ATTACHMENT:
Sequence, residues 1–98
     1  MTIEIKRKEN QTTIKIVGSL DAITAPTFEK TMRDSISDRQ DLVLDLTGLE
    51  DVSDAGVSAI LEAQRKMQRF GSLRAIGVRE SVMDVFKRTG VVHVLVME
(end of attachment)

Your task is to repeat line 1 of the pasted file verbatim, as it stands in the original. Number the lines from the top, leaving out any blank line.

Sequence, residues 1–98